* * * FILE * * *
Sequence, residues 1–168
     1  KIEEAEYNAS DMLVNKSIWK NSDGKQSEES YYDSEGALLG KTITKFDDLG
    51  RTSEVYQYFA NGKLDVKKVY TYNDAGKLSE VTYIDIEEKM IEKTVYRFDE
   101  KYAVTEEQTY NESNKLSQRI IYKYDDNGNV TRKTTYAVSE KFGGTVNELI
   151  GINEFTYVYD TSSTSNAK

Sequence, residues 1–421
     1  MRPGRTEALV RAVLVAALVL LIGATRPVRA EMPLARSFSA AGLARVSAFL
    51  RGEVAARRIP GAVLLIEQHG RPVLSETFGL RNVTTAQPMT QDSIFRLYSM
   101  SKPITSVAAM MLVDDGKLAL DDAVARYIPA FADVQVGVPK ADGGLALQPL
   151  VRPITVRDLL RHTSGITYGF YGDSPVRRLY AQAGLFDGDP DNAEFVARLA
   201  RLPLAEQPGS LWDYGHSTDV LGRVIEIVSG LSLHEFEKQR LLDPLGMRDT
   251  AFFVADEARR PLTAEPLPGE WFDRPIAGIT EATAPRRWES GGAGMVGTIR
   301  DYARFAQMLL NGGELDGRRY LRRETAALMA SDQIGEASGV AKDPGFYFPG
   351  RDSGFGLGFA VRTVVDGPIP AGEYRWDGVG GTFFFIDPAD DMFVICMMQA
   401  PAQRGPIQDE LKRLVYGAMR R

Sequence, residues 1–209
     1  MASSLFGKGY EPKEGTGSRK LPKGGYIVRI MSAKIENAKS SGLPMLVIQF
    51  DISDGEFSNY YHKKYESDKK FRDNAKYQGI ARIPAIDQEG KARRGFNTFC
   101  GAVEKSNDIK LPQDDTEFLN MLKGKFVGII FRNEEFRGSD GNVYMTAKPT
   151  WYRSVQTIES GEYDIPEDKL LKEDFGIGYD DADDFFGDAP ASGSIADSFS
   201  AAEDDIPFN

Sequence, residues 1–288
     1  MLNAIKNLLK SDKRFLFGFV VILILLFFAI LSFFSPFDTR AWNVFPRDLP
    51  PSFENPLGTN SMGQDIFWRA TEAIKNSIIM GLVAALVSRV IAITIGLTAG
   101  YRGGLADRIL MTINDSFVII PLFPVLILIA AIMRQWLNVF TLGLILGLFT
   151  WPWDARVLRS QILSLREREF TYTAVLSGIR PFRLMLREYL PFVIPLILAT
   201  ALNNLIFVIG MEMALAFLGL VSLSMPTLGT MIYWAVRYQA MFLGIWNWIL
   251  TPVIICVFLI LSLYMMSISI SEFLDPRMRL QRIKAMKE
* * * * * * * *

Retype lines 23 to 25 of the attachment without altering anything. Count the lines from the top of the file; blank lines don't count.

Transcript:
     1  MLNAIKNLLK SDKRFLFGFV VILILLFFAI LSFFSPFDTR AWNVFPRDLP
    51  PSFENPLGTN SMGQDIFWRA TEAIKNSIIM GLVAALVSRV IAITIGLTAG
   101  YRGGLADRIL MTINDSFVII PLFPVLILIA AIMRQWLNVF TLGLILGLFT